“For the sake of the 205 members of the NNPA we see the Internet as complimenting what we do in print. It does not take the place of print it adds to the value of what we print. As you know the Internet is driven by content. We’re in the content business. Most of our newspapers are second and third generation owned newspapers and some of these newspapers have been in these families for well over a hundred years. The African-American community trusts the content. That’s what distinguishes us from some of the major dailies and some of the mainstream press. As the demographics change in the United States, more and more people of color are not only residing in the United States but building businesses, owning more of the infrastructure, rather than just seeing ourselves as consumers we also should be seeing ourselves more as producers, as distributors, as content specialists. I’m excited.”
But Dr. Chavis is well aware that not everyone sees the black press as a legitimate news source. He addressed this at a recent speech at the Washington Informer .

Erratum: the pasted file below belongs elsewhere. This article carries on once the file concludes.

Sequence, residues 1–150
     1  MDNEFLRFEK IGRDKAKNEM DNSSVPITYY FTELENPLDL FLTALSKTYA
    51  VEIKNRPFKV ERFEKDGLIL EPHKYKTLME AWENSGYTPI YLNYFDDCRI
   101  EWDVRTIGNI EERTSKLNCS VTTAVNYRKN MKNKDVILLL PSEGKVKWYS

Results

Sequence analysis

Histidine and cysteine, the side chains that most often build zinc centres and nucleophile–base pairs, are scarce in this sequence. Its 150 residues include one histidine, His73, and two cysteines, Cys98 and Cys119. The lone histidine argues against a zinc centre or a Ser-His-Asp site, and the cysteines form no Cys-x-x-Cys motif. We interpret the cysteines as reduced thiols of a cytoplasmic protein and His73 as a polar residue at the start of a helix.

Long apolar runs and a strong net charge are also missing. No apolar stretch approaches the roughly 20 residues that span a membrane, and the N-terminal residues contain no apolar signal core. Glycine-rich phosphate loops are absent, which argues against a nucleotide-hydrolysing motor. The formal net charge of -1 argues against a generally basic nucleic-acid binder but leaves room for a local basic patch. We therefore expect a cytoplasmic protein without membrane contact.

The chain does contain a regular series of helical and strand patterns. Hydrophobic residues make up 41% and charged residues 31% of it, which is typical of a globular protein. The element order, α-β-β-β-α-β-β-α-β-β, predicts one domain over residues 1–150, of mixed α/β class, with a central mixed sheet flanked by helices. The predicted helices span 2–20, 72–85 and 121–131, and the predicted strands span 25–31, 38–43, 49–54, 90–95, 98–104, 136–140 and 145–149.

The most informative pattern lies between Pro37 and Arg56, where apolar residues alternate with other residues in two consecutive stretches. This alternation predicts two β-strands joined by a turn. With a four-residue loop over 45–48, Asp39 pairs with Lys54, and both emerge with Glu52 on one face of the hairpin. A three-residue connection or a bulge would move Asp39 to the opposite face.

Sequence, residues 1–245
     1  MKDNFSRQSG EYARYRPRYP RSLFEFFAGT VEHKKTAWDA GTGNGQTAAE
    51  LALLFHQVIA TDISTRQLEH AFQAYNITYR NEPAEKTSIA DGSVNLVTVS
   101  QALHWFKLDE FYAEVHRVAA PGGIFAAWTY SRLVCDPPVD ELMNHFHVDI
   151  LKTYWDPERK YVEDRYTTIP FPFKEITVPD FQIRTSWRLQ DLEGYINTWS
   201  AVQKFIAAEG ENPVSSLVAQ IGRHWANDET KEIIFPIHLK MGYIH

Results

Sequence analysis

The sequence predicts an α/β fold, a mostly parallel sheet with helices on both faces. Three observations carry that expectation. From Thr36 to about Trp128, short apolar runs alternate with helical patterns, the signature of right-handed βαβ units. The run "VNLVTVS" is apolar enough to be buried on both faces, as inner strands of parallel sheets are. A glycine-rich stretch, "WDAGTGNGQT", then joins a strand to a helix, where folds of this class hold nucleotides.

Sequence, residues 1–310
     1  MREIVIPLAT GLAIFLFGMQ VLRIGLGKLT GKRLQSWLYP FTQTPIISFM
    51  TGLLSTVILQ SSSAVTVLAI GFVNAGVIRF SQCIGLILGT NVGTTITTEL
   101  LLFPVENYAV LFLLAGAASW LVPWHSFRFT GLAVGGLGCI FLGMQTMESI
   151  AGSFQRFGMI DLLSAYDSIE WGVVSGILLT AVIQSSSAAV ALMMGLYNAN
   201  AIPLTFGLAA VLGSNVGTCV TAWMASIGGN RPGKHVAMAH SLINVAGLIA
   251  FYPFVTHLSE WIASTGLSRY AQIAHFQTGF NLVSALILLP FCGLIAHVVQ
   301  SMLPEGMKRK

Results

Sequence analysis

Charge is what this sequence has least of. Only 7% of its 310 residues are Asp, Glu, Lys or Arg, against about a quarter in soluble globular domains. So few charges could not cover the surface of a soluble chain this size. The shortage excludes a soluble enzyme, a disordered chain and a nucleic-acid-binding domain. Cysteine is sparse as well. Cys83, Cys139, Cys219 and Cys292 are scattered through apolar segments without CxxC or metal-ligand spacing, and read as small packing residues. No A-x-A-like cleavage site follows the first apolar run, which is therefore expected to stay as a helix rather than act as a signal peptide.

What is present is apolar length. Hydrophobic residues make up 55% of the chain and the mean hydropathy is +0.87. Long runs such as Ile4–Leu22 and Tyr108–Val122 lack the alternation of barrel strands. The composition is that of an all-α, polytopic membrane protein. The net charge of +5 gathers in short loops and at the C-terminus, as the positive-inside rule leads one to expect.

“I think that race still plays a discriminating factor in the political, economic, cultural and social spheres in American life. Now, I want to say, categorically, we’ve made a lot of progress in 50 years. However, given what just happened in Charleston, SC or in New York or Cleveland or in Baltimore or in Ferguson, etc. We see that race still runs deep in the American psyche. And so when it comes to the so called mainstream papers the point I was making to the Washington Informer, a leading African-American newspaper, was that I see the black press becoming more and more, for the black community, the main stream press. So I think its a matter of positioning the black press not only for black people to read and appreciate but I also know that whites, Latinos, Asians, and others also are trying to find our newspapers.
A media research report released by Amalgamated Research (API) supports Dr. Chavis. The report pointed out that 87.6 percent of readers of black newspapers read them almost exclusively and shun mainstream newspapers. The report also revealed that readers of black newspapers are highly educated with more than half holding a college degree or higher and have above average income. And most importantly these readers do not see mainstream media as reporting fairly on black issues.